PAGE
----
It’s doesn’t take Rocket Science (and techincally, I have a nuclear engineering degree anyway) to know that People cheering on the course makes a difference. What I found was there was a long stretch were there were people 1-2 people deep for what seemed like a short time. I noticed that this time passed quickly because there was always something to see, people to look at AND because I wanted people to see my shirt and headband, just in case there was a fellow Dump Runner there, the crowd of people actually made me correct my form… and run more upright. However, the crowd, because it does get exciting makes it seem that you are running a faster pace then planned. It might just be a placebo effect… I’ll have to run more marathons to collect the appropriate data (it’s the Statistician in me).
Despite the positive effect of the large crowds, having run many marathon in near isolation was, tactfully a good thing. Apart from the super-MEGA-MONDO marathons where there are 1.2 million people around (or something like that), in most long distances races there are long stretches where it is YOU and THE COURSE. Having to go through this multiple times, it really makes things easier, when all of a sudden you are by yourself, or are in between pockets of runners. Right after the long stretch of people mentioned above, there was virtually nothing for a stretch… and if you were relying on the crowd for supplemental motivation, good luck! There was also another stretch coming back that was very similar, between water stations, there were some scattered runners and if you were alone at the start, more than likely you’d be that way for most of that stretch.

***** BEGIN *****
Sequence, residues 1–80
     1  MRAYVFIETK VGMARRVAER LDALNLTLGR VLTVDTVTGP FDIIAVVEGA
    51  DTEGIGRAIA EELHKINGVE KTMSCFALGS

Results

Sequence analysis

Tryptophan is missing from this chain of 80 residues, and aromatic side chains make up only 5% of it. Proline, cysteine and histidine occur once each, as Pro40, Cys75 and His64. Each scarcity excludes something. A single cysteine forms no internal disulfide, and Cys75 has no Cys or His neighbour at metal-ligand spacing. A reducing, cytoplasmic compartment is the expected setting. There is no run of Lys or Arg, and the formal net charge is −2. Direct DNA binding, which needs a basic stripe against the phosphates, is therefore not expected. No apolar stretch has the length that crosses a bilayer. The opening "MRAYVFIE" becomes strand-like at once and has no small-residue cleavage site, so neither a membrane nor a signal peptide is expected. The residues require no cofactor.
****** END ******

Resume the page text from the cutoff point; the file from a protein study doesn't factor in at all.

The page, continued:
I could not believe how well I was on food during the race. It wasn’t until a week or so later after the race that I realized that I barely ate any of my own food on the course. In fact, I had to force myself to eat in the beginning. I wasn’t remotely hungry but experience has taught me that during a marathon, you don’t eat whenever, you have a plan and STICK TO IT! My standard plan for eating is eat something every 4 miles, plus take the energy gels on the course and alternate between carb-drink (gatorade, powerade, etc) and water. And not only was I not all that hungry, but I was well hydrated. It did help that it was overcast and slightly misting, although this (in my opinion) hurt me in the end… details to follow. When there are TONS of runners and people in the crowd, it is hard to find a place to ditch for a little tinkle. So, I just did what the professionals do. I went. I went while running. Now, I am sure that I wasn’t prettiest smelling person out on the course, but I wasn’t distrupting my time to stop and use the bathroom. I’ll be honest, it wasn’t the most comfortable thing to do, but after a few times, I had a method to the madness. What a time saver!